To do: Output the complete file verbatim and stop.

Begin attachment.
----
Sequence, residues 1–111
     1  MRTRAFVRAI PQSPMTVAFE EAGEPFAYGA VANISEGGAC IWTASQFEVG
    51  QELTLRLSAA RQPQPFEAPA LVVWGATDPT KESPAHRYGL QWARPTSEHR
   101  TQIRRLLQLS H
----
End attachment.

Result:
Sequence, residues 1–111
     1  MRTRAFVRAI PQSPMTVAFE EAGEPFAYGA VANISEGGAC IWTASQFEVG
    51  QELTLRLSAA RQPQPFEAPA LVVWGATDPT KESPAHRYGL QWARPTSEHR
   101  TQIRRLLQLS H